Historians like Wolpert believe that sending troops to Kashmir was not out of love for the land that Nehru’s forefathers had left three centuries earlier to get jobs in the Mughal Courts, nor was it for coming to the rescue of the fugitive Maharaja. But it was to make Pakistan bankrupt. “Nehru”, Writes Wolpert, “was not only obsessed with protecting and at all costs defending Kashmir, but believed, as did Patel, that the war over Kashmir would swiftly bankrupt Pakistan. ” Father of Indian nation Mohandas Karam Chand Gandhi was worried over sacrificing the interests of rural India and starving of rural construction works of funds by waging war in Kashmir’ “By December Gandhi was convinced that by airlifting ‘everything to support war’ in Kashmir India was recklessly throwing away its fortune while ignoring needs of its “starving millions”.
With more and more details emerging about the 1947 happenings Jawaharlal Nehru’s role becomes more puzzling and enigmatic. Even M.J. Akbar, the author of Nehru’s biography has expressed doubts about Hari Singh ever having formally requested assistance. He writes, “ Nehru and Patel were both determined to send the army into Kashmir whether Hari Singh asked for them or not. No final decision was taken, but V.P. Menon was directed to fly to Kashmir and talk to Hari Singh”. Stanley Wolpert maintains that Menon returned form Jammu on October 26 without any document signed by Hari Singh. Indian troops landed in Srinagar the following day.
It is not possible for me to go into details about the events that took place from 22nd to 27th October. There is no consensus amongst historians about the happenings during the period and there are as many versions as there are histories. Majority of the Indian historians have been giving details as contained in the whitepaper published by Government of India immediately after the events took place. So are the versions from Pakistan, by and large based on the official versions. To arrive at an honest conclusion there is need for undertaking fresh research on the subject. That could get facilitated once India and Pakistan declassify the documents about the period. Meanwhile, independent Western historians like Alastair Lamb and Stanley Wolpert have arrived at the conclusion that no ‘instrument of accession’ was signed before Indian troops took control of Srinagar. The conclusion that can be drawn is that the document was faked or signed under duress.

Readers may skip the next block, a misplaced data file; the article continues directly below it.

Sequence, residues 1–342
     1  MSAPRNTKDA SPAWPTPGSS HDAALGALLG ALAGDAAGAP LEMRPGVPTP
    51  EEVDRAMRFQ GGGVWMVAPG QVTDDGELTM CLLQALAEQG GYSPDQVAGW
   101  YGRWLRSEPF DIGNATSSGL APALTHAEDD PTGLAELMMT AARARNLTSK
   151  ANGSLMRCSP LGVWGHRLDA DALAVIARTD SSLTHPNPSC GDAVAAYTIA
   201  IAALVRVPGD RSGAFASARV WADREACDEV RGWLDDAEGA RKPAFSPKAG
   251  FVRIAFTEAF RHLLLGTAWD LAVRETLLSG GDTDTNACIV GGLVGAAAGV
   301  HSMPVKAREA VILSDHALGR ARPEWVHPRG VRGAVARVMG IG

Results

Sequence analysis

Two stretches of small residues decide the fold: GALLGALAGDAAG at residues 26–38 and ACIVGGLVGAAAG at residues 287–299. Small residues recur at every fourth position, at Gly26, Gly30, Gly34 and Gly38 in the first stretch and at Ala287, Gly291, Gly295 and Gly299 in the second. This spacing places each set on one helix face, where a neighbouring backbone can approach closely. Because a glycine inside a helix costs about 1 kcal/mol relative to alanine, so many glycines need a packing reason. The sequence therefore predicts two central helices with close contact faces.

While India was engaged in fighting against armed men from tribal areas and the rebellious elements from the army of Maharaja Hari Singh, a consensus about holding plebiscite for determining the future of the state had already emerged. In the words of Alastair Lamb, “Thus when Kashmir broke out, plebiscite was already established as the official Indian solution to this order of problem.” Nehru had made India’s policy on this count amply clear to Prime Minister Attlee through a telegram. New Delhi’s proposition of deciding future of Jammu and Kashmir was endorsed by Governor General of Pakistan, Muhammad Ali Jinnah on 28th October 1947. This was followed by lots of parleys between the two countries. “From October 28 to December 1947 there took place a series of India-Pakistan discussions over Kashmir question.’ The meetings took place at all levels. On 8th November 1947 a meeting between two very senior officials, V.P. Menon and Chaudhry Muhammad Ali took place and a detailed scheme for holding plebiscite in Jammu and Kashmir was worked out. Lamb holds that this had apparent approval of Indian Deputy Prime Minister Vallabhbhai Patel. How to arrange a plebiscite in the state engaged the attention of Indian and Pakistani leaders. Notwithstanding Pundit Jawaharlal’s “reservations” about foreign intervention, the two countries debated and discussed the employment of British officers or the United Nations for the purpose. Some historians hold the view that there was an agreement between India and Pakistan to take Kashmir problem to the United Nations.